THE BLOG
03/24/2014 07:19 pm ET | Updated May 24, 2014

Hello, Dolly!

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I can still remember my signature line from Hello, Dolly!.

"I'm not too young! I'm 17, and in another year I'll be an old maid," I whined.

Nailed it.

When I landed that role of Ermengarde (and later as a chorus gal in Oklahoma) in my high school's production of the famous romcom musical by Jerry Herman and a book by Michael Stewart, my mother made a comment -- an aside, to toss in a bit of theater lingo -- about being typecast. Hmph.

That was a long time ago, and while I haven't been on stage in years, I'm still a theater lover. My parents and I took my two young daughters to The Goodman Theatre in Chicago this summer to see The Jungle Book. It was spectacular, and introducing them to the storied Chicago institution, which of course included a visit to Petterino's for dinner, was a delight. Although getting the song, "Bare Necessities" out of my head did prove challenging.

The Goodman is just one of more than 100 Blue Star Theatres, a collaboration between Theatre Communications Group and Blue Star Families, with leadership support from the MetLife Foundation. Launched in September 2012 with 22 theaters, the program quickly grew to 57 and today there are 108 participating theaters -- each offering discounted or complimentary admission, workshops and educational opportunities to all military personnel and their families, as well as veterans.

"Theater has the power to deepen communal connection and inspire creative expression," said Teresa Eyring, executive director, Theatre Communications Group. "It can provide an invaluable means of integrating military families into our communities, while helping us process the consequences of these long years of war."

Ah yes, these years of war. Actually it's more than a decade now. In fact, the "where were you when the war started?" anniversary question recently popped up on social media but even I didn't weigh in despite knowing the answer. And I would wager that most military folks know where they were too, but we only represent one percent of the population. So Eyring hits the nail on the head when she says that theater is a way to help civilians better understand what it's been like for military families and service members. In that vein, Pulitzer Prize-winning playwright Paula Vogel has developed Don Juan Comes Home From Iraq, a production based on a two-year script development process at Philadelphia's Wilma Theatre that included extensive interviews and workshops with veterans and military.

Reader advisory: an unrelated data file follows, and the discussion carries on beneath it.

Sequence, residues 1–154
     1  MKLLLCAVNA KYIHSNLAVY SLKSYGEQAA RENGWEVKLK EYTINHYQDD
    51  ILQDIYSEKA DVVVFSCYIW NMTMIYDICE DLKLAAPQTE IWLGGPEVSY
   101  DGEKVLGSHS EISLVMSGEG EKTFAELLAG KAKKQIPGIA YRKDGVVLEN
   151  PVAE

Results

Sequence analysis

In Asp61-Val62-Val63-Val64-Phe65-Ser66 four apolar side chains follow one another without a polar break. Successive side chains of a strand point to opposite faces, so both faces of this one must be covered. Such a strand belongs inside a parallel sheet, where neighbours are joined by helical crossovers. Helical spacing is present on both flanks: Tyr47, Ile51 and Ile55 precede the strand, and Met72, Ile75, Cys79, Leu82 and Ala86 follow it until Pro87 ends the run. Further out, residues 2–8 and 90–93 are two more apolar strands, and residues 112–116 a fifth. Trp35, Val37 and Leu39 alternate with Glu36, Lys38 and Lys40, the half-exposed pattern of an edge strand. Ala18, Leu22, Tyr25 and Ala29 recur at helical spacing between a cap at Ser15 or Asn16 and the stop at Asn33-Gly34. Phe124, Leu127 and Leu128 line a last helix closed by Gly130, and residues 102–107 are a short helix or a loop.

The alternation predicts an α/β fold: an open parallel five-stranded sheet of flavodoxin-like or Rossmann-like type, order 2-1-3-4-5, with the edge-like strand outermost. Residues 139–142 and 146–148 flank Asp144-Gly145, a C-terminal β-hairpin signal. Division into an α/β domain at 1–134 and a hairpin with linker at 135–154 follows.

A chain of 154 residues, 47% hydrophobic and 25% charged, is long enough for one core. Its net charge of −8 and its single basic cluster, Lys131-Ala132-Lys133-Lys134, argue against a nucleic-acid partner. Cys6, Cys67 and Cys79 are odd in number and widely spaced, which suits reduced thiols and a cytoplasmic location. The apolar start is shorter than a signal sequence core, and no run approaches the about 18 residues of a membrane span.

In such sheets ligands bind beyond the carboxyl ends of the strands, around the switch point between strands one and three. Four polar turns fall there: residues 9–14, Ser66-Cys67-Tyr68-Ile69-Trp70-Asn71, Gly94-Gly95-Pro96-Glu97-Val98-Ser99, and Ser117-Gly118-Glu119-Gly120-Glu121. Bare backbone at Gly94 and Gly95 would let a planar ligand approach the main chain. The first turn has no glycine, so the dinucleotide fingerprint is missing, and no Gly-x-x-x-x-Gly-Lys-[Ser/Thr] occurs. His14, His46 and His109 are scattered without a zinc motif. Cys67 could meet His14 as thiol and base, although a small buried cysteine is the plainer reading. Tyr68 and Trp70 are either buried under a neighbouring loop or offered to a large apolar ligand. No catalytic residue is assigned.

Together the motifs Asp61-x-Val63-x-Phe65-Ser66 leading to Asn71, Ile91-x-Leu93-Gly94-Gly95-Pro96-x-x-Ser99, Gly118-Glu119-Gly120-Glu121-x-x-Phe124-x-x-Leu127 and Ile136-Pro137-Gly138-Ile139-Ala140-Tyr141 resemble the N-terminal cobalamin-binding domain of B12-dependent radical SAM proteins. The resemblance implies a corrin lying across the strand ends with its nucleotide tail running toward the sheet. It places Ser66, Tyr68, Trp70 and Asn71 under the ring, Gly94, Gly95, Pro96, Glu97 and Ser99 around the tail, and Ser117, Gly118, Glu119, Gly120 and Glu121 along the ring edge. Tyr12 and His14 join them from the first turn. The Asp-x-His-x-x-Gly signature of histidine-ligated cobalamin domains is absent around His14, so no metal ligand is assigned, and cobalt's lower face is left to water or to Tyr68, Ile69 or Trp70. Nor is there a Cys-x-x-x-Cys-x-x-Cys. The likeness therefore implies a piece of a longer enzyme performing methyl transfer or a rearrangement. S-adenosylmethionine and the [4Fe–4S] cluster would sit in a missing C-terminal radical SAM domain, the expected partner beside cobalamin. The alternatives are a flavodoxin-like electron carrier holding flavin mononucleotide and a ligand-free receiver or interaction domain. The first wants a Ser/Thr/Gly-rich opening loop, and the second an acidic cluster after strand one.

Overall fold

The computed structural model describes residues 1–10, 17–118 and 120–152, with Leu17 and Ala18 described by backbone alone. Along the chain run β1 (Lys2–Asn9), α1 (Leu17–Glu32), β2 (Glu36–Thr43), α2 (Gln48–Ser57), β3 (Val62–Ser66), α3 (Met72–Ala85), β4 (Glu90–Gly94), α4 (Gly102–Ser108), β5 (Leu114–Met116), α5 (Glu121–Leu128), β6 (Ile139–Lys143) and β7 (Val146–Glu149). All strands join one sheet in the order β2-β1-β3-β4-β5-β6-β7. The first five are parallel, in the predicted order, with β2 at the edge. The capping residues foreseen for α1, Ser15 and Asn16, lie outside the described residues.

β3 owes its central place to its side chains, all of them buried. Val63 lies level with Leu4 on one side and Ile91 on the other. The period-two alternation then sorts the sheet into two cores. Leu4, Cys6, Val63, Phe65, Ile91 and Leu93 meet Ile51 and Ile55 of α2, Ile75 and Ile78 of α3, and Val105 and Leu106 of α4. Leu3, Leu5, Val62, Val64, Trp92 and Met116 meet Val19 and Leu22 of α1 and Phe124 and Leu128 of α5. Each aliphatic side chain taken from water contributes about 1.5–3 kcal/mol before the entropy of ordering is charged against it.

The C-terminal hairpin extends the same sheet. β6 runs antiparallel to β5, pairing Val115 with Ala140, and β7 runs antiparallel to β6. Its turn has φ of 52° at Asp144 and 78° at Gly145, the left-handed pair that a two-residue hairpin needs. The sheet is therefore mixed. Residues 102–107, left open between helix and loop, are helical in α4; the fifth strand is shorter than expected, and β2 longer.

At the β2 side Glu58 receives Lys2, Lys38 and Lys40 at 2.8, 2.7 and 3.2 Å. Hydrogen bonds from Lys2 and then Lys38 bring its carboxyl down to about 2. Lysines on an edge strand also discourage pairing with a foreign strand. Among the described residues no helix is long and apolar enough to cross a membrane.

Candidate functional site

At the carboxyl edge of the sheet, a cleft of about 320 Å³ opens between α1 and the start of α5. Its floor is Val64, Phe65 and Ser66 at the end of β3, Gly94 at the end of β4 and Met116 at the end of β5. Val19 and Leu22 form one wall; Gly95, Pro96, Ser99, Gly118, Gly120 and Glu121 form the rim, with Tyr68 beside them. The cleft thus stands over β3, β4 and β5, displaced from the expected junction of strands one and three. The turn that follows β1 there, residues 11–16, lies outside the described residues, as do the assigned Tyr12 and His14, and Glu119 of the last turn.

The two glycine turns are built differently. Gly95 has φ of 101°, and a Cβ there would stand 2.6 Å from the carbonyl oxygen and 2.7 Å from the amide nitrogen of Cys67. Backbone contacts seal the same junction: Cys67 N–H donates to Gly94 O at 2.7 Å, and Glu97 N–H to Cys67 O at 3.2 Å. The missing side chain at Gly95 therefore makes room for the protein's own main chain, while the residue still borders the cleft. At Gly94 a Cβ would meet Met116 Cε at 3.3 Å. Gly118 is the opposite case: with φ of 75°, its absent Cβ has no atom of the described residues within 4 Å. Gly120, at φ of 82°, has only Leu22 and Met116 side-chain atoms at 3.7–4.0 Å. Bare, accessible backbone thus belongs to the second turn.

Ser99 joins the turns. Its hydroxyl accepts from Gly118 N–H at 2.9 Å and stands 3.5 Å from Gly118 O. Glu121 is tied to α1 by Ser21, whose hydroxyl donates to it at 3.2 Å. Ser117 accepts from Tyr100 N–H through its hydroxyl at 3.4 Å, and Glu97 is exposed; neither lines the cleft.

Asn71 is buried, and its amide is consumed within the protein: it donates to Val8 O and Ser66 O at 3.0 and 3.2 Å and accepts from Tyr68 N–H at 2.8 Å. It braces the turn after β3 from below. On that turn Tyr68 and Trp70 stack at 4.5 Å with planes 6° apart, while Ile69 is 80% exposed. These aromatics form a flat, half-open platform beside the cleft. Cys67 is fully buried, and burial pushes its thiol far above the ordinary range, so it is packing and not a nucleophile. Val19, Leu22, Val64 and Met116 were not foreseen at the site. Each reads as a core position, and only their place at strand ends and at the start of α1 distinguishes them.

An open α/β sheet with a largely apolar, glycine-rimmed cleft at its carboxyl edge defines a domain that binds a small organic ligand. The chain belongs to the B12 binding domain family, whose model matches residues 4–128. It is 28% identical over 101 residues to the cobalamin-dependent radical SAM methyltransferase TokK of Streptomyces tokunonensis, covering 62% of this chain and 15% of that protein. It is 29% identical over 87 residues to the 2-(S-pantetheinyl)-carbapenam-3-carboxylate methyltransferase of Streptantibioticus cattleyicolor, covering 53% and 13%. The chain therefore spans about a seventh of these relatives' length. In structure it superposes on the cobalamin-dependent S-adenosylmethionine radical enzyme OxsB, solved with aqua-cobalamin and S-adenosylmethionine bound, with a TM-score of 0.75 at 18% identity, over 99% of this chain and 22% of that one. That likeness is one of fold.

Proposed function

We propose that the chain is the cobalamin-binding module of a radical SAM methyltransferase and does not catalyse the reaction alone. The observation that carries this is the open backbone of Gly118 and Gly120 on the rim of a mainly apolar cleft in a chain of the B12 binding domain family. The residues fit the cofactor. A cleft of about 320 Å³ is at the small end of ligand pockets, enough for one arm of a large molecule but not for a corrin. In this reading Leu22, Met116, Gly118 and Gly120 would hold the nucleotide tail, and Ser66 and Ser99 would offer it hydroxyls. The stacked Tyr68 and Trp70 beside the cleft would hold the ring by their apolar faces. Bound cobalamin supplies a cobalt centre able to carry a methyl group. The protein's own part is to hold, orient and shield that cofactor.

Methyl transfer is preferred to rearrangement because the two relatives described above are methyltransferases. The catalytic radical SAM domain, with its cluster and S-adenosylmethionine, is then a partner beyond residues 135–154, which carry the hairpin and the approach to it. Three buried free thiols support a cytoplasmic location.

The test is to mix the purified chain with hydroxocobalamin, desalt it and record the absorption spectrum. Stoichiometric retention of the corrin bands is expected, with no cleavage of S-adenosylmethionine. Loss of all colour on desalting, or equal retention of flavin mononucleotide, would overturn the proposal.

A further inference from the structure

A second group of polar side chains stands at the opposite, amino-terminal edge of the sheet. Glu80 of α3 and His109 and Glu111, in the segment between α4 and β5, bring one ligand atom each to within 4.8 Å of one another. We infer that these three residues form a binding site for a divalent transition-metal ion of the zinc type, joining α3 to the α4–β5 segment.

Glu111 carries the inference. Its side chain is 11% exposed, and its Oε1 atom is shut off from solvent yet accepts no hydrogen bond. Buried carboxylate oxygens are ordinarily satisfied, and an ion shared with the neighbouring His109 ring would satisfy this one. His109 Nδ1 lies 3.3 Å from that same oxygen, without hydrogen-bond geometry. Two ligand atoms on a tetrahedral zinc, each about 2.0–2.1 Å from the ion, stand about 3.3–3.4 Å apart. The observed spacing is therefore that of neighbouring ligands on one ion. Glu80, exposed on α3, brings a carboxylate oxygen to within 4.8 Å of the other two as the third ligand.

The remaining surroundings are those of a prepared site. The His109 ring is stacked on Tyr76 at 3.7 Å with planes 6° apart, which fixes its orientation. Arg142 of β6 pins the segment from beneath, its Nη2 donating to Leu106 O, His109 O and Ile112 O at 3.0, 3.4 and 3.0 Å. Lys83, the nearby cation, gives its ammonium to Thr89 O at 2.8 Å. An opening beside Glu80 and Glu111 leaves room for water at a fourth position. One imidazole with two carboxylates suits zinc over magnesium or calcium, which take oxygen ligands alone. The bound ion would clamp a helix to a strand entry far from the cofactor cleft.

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Don Juan Comes Home From Iraq, a project is inspired by Don Juan Returns from the War (written in 1936 by Bertolt Brecht's younger contemporary, Ödön von Horváth), is a tale of one Marine's return home from war and the shocking discovery that the woman he loves is missing. He begins to search for her and in doing so, winds up on an ethereal tour of Philadelphia.

"It's been profoundly moving," says Vogel about the workshops she's conducted with the veterans. The collective stories and personal accounts served as a muse for Vogel who admits that as a civilian it's a challenge for her to accurately portray an experience such as war, but thanks to the honest accounts from vets, she was able to shape this modern day Don Juan.

"I have no right to represent it. But the fact that I want to understand it is my primary charge," says Vogel.

Blue Star Theatres' organizers hope that Vogel's sentiments are shared by more civilians, particularly as the wars wind down and attention on service members and their families begins to wane. There's a sense, says Eyring, that by attending productions like Vogel's, civilians can show their support for service members and dramatically increase their understanding about the war and military service. And historically, theater has always been an avenue that brings communities together often times around war and conflict, but also love and relationships.

"There's so much poetry in theater and it really communicates those experiences," says Eyring.

"Theater is a very effective place for civic engagement," says Eyring. "It always has been and it always will be."

Indeed. The show must go on.

A sampling of the veterans' writings will be shared at a special "Veterans on Stage" event on Tuesday, April 8 at 7:30 PM. For information, click here.

Don Juan Comes Home From Iraq
March 19-April 20, opening night March 26
Wilma Theater
265 S. Broad St.
$35-$66
215-546-7824
www.wilmatheater.org

Links to all the participating Blue Star Theatres:
http://www.tcg.org/advocacy/bluestar/map.cfm

Photo credit 1: Kate Czajkowski & Keith J. Conallen in Don Juan Comes Home from Iraq; photo by Alexander Iziliaev
Photo credit 2: Molly Blake's personal collection from her groundbreaking performance in "Oklahoma."